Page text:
Kuryakin's voice was broken when he softly called his name. "Napoleon?"

With a great effort, Solo opened his eyes and tried to talk, but all that came out of his mouth was a trickle of blood. He closed his eyes again and slowly went limp in his friend's arms.
Illya put two fingers on his neck, looking for a pulse, and found none.

Stephanie tentatively approached them, and asked, in a small voice: "Is he...?"

Kuryakin closed his eyes and said, shakily: "Yes. He's dead." He then turned at Napoleon's murderer and growled: "You took the first chance you got, didn't you?"

Stephanie looked at him quizzically. She knew that his friend's sudden death shocked him, but that was a pretty weird comment to make. Suddenly she realized that Illya was simply trying to send a message to her, telling her to be ready to take the first chance to fight back.

She was ready, all right, but she didn't see any chance at all. Especially now that Solo was dead.

Illya now was plunging at Jeffrey, his handsome features distorted by hatred and desperation. Taken aback, the traitor didn't have the time to aim and shoot, so Illya actually managed to seize him. The impact sent the gun flying.

The two men were struggling crazily, and they were too close for Renard's men to take a chance at shooting, so they just stood there, avidly watching the fight. Illya's despair gave him a strength he didn't know he had, and he punched his younger opponent madly, effectively outmatching him. While Renard's men were enjoying the fight and shouting their disappointment at their new ally, they didn't notice that a certain corpse was actually moving.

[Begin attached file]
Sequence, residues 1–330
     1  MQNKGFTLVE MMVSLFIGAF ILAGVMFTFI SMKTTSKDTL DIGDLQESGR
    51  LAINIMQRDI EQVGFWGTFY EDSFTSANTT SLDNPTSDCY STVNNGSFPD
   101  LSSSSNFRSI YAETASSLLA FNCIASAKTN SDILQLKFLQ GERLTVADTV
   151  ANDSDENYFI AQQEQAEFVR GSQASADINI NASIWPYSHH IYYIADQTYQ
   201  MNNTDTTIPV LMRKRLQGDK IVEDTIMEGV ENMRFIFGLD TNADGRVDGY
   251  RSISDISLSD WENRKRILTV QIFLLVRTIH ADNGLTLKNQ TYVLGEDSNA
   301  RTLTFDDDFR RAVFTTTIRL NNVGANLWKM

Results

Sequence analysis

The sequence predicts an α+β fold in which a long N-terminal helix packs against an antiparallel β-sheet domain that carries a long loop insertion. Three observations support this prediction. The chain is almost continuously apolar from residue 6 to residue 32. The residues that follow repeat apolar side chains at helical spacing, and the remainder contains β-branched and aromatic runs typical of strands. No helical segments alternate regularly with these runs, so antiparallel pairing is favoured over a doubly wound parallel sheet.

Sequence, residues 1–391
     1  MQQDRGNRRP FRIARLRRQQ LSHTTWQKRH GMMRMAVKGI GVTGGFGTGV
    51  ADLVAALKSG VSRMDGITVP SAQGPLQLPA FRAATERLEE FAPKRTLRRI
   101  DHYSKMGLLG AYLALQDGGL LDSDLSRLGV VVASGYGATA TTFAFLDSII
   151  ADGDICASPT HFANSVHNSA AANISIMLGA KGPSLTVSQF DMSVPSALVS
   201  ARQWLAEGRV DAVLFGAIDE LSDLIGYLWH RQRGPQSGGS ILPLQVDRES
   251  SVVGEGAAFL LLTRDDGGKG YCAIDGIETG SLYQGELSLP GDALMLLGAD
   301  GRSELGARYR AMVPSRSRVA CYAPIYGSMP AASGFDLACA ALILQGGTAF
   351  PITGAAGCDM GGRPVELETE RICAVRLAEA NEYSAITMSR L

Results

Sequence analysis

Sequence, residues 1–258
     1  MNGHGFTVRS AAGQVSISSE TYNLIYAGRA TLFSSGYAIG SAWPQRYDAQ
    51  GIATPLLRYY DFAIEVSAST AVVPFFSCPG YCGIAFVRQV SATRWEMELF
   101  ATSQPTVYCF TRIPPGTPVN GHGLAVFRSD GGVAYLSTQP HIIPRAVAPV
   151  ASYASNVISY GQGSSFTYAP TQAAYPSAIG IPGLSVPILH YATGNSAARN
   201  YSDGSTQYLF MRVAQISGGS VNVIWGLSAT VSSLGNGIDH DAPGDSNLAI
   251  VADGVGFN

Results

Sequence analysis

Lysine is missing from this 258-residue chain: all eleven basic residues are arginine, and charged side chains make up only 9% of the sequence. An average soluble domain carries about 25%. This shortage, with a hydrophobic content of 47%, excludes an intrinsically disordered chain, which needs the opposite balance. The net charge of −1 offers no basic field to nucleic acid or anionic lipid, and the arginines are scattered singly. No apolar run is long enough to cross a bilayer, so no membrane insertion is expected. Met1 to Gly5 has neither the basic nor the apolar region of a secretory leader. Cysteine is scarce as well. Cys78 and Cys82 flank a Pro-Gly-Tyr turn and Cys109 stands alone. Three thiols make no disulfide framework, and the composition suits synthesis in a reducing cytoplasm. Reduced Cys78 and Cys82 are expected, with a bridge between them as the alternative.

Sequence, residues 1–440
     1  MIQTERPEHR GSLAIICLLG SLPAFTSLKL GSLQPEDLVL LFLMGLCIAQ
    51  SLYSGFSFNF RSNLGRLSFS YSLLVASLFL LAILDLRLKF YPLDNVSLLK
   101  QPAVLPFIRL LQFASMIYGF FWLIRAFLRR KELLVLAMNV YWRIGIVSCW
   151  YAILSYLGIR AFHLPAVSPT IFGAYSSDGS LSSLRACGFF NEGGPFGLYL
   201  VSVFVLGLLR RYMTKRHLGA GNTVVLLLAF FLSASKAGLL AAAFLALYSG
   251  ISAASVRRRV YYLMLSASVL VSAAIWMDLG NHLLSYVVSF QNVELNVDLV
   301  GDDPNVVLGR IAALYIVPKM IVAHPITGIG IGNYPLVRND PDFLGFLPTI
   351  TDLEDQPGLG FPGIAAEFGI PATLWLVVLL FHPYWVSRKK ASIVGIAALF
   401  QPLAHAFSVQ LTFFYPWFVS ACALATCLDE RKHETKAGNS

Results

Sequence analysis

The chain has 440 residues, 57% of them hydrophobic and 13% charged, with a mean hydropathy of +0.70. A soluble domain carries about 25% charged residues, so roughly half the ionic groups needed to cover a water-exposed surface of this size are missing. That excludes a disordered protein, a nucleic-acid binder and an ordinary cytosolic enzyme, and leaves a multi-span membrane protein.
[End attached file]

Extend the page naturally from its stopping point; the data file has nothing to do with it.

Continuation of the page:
Unnoticed in all the fuss, Napoleon slowly got up and moved behind one of the men who were standing farther from the two struggling opponents. Nobody saw him grab the man in a unrelenting hold to the throat, quickly and silently suffocating him. As soon as he disposed of the first man, Solo grabbed his gun, then proceeded to the next one, successfully repeating the procedure.

He managed to take down three of them, before someone noticed his actions. Somebody shouted: "Watch out! Solo is alive!"

Everybody turned, but Napoleon was already firing the automatic guns he was holding in both hands. The three remaining men scattered frantically, desperate to find a hiding spot.

Napoleon threw his spare gun to Stephanie who, thanks to Illya's warning, didn't let the surprise paralyze her, and reacted quickly. She quickly disposed of one man. Those who were still alive were now breaking up and running away, in search of a better firing position. But none of them got to safety: they were both taken down by the deadly barrage fire from the two UNCLE agents.
Only Renard managed to escape, sneaking out of the fight as soon as the first bullets started flying.

Illya and Jeffrey were still struggling, but the latter was clearly losing the fight. Illya's last fist knocked him almost unconscious.

When the deafening sound of firearms finally subsided, a quick check allowed them to make sure that they were actually the only survivors. Stephanie was finally able to express all her surprise at seeing Napoleon safe and sound. She said, smiling: "Don't tell me this was all a set up."